Using tech effectively in New Hampshire schools

It’s important to remember that schools are more than just students staring at screens

To screen or not to screen? That is the question facing parents and educators across the country.

Digital technology has opened up new possibilities in teaching, as well as so many other areas of modern life. But new research finds that too much screen time can hinder a child’s educational development.

New Hampshire Education Commissioner Frank Edelblut

The key is to find ways to use technology effectively as one part of an overhaul teaching strategy. The challenge is that some techniques may be effective for some students, but ineffective for others.

Recent surveys find that 91% of teachers say effective use of technology enables students to be more active and engaged in their learning. Over 92% of those teachers agree that technology offers opportunities for students that they might not otherwise have. Teachers note that using technology effectively increases student confidence, allowing them to participate actively in class. Students are more motivated when lessons involve the specific use of technology for specific purposes. Integrating tech into the lesson plan or an accommodation in a student’s individualized education plan increases student motivation.

For the past several decades, state and federal policy has pushed for more computers in the classroom, providing grants and incentives for new equipment. But are we getting the most of all that hardware and software?

The most important factor in determining whether screen time is helpful or harmful is the context of the use of the screens. Passive screen time is the use of screens for watching videos or television, browsing social media and internet sites, and playing certain games. Conversely, active or creative screen time involves being interactive with screens and devices in order to learn a skill, make music, edit images and photography, or create videos and animations. Using productivity software and applications to code, game, develop, write, or draw requires active thought in interactions with the screen beyond passive observations.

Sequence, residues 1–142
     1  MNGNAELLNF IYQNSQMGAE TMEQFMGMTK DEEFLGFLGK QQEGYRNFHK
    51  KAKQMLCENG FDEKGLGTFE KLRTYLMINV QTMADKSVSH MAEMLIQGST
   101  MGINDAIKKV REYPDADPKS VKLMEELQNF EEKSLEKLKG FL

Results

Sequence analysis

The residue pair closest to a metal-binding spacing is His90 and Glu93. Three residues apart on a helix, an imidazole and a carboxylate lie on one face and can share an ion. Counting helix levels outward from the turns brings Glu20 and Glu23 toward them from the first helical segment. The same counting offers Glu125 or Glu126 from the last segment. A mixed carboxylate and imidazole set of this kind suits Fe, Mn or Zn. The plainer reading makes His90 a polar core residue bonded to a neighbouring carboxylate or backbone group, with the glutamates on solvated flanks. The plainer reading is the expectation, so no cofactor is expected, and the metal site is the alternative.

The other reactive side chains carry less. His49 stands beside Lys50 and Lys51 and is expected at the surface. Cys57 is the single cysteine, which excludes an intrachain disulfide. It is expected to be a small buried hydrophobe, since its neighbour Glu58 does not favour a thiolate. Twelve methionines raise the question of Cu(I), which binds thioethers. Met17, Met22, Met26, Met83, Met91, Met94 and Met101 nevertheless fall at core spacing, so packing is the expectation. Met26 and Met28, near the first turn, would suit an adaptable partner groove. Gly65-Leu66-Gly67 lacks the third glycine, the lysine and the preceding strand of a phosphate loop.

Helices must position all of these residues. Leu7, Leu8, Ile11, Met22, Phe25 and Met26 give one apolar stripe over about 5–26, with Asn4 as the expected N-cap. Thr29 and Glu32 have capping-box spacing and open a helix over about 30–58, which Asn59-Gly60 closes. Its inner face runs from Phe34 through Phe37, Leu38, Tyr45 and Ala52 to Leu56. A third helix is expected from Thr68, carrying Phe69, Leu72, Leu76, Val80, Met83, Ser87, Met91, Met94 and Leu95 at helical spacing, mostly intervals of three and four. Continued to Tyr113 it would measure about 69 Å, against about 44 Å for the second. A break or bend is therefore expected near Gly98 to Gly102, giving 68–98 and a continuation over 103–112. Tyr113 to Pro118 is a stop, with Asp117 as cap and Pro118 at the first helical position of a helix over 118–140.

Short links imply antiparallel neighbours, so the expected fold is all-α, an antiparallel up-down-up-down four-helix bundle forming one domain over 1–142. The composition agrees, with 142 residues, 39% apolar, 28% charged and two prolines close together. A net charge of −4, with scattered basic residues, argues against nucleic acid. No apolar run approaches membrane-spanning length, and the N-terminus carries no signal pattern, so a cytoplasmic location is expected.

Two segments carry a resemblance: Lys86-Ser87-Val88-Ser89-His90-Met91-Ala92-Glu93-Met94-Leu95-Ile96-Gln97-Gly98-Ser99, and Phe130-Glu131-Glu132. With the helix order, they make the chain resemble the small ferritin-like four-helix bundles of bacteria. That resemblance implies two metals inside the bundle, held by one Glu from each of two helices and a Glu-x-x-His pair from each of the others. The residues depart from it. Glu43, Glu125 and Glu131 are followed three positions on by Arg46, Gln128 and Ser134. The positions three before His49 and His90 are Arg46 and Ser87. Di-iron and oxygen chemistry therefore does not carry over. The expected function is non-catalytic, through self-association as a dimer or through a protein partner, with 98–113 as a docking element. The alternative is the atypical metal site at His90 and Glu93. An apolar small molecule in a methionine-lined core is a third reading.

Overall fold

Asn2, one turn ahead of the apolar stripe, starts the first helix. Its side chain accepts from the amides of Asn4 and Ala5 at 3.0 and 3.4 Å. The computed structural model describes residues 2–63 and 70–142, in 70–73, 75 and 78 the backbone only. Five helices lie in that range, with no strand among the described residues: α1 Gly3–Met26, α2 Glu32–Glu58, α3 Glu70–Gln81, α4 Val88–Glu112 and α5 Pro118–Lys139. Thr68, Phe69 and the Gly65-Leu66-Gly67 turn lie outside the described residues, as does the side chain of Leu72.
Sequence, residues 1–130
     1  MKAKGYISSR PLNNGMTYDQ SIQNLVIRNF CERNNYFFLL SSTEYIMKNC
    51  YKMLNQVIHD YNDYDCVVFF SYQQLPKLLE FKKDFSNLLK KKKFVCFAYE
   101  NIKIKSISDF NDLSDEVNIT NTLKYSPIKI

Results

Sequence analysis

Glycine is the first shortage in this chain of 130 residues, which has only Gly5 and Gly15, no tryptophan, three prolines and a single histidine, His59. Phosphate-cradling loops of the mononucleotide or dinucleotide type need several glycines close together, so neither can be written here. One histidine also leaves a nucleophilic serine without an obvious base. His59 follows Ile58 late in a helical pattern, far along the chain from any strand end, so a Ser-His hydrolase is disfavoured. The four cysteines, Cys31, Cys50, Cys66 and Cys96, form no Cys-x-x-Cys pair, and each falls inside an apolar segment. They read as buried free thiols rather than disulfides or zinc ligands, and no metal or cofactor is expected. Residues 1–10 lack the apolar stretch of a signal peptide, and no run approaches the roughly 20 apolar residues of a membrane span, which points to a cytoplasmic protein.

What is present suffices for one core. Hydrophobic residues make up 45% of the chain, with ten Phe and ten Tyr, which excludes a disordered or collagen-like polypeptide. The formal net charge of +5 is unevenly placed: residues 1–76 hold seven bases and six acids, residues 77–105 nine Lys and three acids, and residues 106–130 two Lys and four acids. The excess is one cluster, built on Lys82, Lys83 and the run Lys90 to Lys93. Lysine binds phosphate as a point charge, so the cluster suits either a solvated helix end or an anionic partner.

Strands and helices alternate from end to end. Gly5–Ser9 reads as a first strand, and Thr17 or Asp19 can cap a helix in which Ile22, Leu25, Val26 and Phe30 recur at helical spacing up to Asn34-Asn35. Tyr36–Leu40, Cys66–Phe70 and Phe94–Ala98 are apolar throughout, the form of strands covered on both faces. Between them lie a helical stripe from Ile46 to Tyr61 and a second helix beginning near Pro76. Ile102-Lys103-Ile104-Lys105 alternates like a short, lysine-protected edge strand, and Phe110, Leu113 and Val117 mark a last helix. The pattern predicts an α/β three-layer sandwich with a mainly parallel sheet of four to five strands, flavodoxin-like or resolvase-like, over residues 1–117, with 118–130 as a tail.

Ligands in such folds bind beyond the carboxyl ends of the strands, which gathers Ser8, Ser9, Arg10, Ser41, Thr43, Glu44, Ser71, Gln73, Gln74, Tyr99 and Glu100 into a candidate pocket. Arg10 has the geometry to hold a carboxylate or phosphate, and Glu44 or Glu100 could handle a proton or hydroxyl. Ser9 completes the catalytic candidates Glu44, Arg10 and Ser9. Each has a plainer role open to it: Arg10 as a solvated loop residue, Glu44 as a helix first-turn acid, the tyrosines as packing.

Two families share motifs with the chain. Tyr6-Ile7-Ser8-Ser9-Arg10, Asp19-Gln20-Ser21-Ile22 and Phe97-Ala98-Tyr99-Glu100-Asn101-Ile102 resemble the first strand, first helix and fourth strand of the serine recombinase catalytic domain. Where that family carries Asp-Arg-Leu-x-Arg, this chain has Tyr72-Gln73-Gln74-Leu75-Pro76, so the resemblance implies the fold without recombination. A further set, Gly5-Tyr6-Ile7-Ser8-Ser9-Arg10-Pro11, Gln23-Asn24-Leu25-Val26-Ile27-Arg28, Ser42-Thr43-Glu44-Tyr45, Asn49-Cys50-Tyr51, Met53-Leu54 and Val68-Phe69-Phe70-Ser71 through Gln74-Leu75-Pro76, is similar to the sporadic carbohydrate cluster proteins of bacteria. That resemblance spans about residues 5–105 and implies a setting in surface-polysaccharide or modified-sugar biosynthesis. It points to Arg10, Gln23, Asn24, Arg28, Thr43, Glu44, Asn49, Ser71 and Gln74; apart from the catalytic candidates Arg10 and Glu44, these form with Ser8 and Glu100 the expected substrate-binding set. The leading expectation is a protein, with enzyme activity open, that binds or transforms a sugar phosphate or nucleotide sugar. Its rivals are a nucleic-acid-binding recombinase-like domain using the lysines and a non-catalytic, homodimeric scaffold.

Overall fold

There should be balance between control, monitoring, and guidance when using technology effectively, so that learning and achievement are supported in our students.

Deploying digital technology effectively in the classroom requires constant professional development. Teachers have to keep learning themselves in order to meet student needs and employ emerging tools and techniques. Professional development is a priority for the Department of Education, and an area where we work extensively with local schools.

One of the strategies we’ve adopted in New Hampshire to help teachers serve the varying needs of their students is Universal Design for Learning, or UDL. This asks teachers to design lessons for a variety of learning styles in order to engage as many learners as possible. Many of the lessons that are universally designed will use strategies that include digital tools and resources in ways that meet students where they are. New Hampshire’s UDL program is now in its third year, and teachers who’ve been through the training sessions overwhelmingly say that it has improved their ability to reach their students.

On Oct. 15, Apple held a pair of workshops at the Portsmouth Harbor Events and Conference Center designed to help teachers make better use of technology. Apple and other tech companies are also hosting preconference workshops as part of the Christa McAuliffe Transforming Teacher Technology Conference in Manchester in December. These events will give teachers hands-on training in how to effectively engage their students with these digital tools. I want to encourage New Hampshire educators to take advantage of these and other opportunities to improve their skills in using technology in the classroom.

Digital technology is always just one piece of the overall education system. School needs to be more than students staring at screens. We want kids running around on playgrounds. We want them learning in the community. We want them learning through interactions with their classmates.

Let’s learn to take advantage of the potential that digital learning offers, and make sure our students’ limited screen time is worthwhile.

Frank Edelblut is commissioner of the New Hampshire Department of Education.

Categories: Education, Opinion